Network-attached storage (NAS) is a type of dedicated file storage device that provides local-area network local area network (LAN) nodes with file-based shared storage through a standard Ethernet connection.
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NAS devices, which typically do not have a keyboard or display, are configured and managed with a browser-based utility program. Each NAS resides on the LAN as an independent network node and has its own IP address.
Netgear is just one of several popular NAS vendors.
An important benefit of NAS is its ability to provide multiple clients on the network with access to the same files. Prior to NAS, enterprises typically had hundreds or even thousands of discrete file servers that had to be separately configured and maintained. Today, when more storage capacity is required, NAS appliances can simply be outfitted with larger disks or clustered together to provide both vertical scalability and horizontal scalability. Many NAS vendors partner with cloud storage providers to provide customers with an extra layer of redundancy for backing up files.
NAS use cases
In the home, NASes are often used for storing and serving multimedia files and for automated backups. Many smart homes rely on NAS to provide centralized storage for smart TVs, security systems and other Internet of Things (IoT) components in the home.
In the enterprise, a NAS array can be used as a backup target for archiving and disaster recovery. If a NAS device has a server mode, it can also function as an email, multimedia, database or print server for a small business. Some higher-end NAS products can hold enough disks to support RAID, a storage technology that turns multiple hard disks into one logical unit in order to provide better performance times, high availability and redundancy.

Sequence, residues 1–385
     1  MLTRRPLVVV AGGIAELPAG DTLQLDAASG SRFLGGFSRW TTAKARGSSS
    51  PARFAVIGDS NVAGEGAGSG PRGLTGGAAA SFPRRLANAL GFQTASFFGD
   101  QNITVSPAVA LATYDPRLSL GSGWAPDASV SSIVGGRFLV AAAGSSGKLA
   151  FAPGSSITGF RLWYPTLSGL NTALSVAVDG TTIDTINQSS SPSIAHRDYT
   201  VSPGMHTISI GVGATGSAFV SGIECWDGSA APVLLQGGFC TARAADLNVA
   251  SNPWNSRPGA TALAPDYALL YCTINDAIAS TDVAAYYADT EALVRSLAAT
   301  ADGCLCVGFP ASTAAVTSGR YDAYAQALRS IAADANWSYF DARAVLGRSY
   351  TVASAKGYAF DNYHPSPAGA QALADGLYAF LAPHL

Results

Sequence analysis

NAS product categories
NAS devices are grouped in three broad categories based on the number of drives, drive support, drive capacity and scalability.
High-end or enterprise NAS: The high end of the market is driven by businesses that need to store huge amounts of files, including virtual machine (VM) images. High-end NAS provides rapid access and NAS clustering capabilities.
Midmarket NAS: This end of the market can accomodate businesses that require several hundred terabytes of data. Midmarket NAS devices cannot be clustered, however, which can create file-system siloes when multiple NAS devices are required.
NAS deployments for business
The chart below describes five different ways network-attached storage can be deployed and lists the pros and cons for each approach. Each deployment can easily be managed by a single network manager.
Evolution of NAS
Over time, the baseline functionality of NAS devices has broadened to support virtualization. High-end NAS products may also support data deduplication, flash storage, multiprotocol access and replication.
To combat NAS sprawl, vendors are offering clustered NAS systems. A clustered NAS system is a distributed file system that runs concurrently on multiple NAS nodes. Clustering provides access to all files from any of the clustered nodes regardless of the physical location of the file.